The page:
“Recognizing the historic moment we face, the American labor movement must unify to restore the American dream for working families,” said David Bonior, a leader of the union negotiations to reunite Change to Win and the AFL-CIO.

Mr. Bonior, a former Democratic congressman from Michigan and a longtime labor supporter, became an adviser to Mr. Obama's presidential campaign after serving as John Edwards' campaign manager.

As Mr. Bonior and leaders from a dozen unions gathered for talks Monday at the National Labor College in a Washington suburb, they continued to wrestle with who would take the lead of the massive reunited organization and how the funding would be allotted.

One sticking point is over how much to emphasize organizing and recruiting new members - the same dispute that drove seven unions to break with the AFL-CIO and form Change to Win in 2005.

“We recognize that we are going to continue to grapple through some of the differences that remain,” Change to Win Executive Director Chris Chafe said. “There is a strong incentive to find every way we can to work together.”

Change to Win, which has about 6 million members, also is beset by a threatened defection within its own ranks by garment and hospitality industry union UNITE HERE.

UNITE HERE's board voted last month to split from the federation. It accused the giant Service Employees International Union (SEIU), a driving force in Change to Win, of meddling in its internal affairs.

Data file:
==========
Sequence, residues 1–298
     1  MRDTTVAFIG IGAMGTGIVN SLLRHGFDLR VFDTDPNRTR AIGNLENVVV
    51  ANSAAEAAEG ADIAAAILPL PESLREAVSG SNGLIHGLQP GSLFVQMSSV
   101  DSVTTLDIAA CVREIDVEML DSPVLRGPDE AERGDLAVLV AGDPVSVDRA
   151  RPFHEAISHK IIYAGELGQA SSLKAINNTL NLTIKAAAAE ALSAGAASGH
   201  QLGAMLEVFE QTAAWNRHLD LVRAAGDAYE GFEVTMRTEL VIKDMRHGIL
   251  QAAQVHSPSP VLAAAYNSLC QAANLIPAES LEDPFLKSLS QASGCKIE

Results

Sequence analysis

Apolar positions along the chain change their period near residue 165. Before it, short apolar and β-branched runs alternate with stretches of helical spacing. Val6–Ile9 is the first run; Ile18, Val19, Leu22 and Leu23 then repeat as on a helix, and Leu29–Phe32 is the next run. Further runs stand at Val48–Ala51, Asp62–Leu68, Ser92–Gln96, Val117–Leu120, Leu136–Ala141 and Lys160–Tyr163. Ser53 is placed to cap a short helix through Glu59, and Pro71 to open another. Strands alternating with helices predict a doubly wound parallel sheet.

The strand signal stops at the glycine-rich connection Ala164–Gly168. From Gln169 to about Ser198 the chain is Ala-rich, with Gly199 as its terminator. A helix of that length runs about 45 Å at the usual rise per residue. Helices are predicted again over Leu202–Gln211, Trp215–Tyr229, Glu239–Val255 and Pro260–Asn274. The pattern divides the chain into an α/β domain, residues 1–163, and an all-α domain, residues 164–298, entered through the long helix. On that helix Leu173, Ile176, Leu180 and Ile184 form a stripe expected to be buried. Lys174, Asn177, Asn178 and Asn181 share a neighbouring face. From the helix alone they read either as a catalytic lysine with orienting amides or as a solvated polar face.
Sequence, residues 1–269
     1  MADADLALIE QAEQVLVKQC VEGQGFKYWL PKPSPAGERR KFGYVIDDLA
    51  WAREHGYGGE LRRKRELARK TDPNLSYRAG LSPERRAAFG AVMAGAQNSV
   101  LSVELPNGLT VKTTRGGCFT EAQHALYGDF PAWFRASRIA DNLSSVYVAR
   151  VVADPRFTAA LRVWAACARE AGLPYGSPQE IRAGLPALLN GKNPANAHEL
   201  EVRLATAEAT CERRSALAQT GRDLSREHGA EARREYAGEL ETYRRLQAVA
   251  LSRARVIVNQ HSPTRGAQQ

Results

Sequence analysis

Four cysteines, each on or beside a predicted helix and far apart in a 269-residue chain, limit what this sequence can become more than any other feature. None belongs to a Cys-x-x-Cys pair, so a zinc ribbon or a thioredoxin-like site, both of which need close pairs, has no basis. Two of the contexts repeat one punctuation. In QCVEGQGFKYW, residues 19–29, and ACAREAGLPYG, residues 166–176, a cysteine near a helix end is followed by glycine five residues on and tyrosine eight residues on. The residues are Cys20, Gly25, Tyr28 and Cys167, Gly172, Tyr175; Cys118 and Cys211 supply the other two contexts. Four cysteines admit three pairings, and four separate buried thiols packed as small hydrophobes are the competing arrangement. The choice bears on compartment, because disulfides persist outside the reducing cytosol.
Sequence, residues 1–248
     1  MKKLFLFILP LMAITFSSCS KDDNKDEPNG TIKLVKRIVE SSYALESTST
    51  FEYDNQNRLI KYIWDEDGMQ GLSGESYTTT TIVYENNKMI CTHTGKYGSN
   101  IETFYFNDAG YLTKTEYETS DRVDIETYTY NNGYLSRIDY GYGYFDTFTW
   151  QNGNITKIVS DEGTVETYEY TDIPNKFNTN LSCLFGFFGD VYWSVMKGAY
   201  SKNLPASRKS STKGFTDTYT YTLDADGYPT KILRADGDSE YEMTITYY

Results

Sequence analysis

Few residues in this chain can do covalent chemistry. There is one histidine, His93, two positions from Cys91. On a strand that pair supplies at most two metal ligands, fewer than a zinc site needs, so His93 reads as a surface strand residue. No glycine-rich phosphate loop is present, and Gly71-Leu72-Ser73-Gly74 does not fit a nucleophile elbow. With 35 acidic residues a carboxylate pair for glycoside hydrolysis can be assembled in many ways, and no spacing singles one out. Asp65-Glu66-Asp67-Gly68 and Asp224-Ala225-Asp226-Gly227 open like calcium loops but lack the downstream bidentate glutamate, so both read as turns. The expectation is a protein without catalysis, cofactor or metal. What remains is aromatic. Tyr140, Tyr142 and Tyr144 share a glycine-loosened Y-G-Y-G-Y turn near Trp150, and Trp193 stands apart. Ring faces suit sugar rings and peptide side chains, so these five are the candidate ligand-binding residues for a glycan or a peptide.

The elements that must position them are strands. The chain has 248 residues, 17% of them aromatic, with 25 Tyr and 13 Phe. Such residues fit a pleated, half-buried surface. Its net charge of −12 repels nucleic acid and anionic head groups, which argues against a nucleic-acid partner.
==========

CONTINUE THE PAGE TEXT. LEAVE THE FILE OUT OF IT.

Soon afterward, a bloc of garment workers left UNITE HERE to form a new union called Workers United, which promptly announced an affiliation with SEIU.

SEIU is the fastest-growing union with 1.1 million members including health care workers, property service workers and state government employees.

“Through this affiliation, we make a big, strong union even bigger and stronger,” said Edgar Romney, president of Workers United, which consists of about 40,000 hotel and restaurant employees and 110,000 garment, textile and laundry workers formerly with UNITE HERE.

The rift at UNITE HERE - which formed in a 2004 merger of the Union of Needletrades, Industrial and Textile Employees and the Hotel Employees & Restaurant Employees International Union - grew from a power struggle between the leaders of the two groups and UNITE's resistance to the push by HERE leaders to rejoin the AFL-CIO.

The breakup landed both sides in a New York court Tuesday, where UNITE HERE unsuccessfully tried to seize assets of its former compatriots in the garment industry, including buildings in New York, Chicago and Knoxville, Tenn.

On the West Coast, a turf dispute prompted SEIU to oust leaders of its 150,000-member Oakland, Calif.-based United Healthcare Workers-West (UHW). The ousted bosses retaliated by forming the National Union of Healthcare Workers and began poaching UHW members.

The dust-up follows a long-running feud between SEIU and the California Nurses Association (CNA) over who should represent the country's nurses, a huge reservoir of potential new members because the group is mostly nonunion.

The row ended recently with an agreement to jointly organize the nurses.

“One could argue that labor has never been more unified,” SEIU spokeswoman Michelle Ringuette said, citing the end of the clash with CNA and the promise of a pro-union Washington.

“Are there some disputes going on? Absolutely,” she said. “But there is also more unity than people have seen in a long time. Amidst whatever is happening at the macro level, each of the unions is getting up every day to see what we can do for working men and women. We are really standing poised to have enormous gains on their behalf.”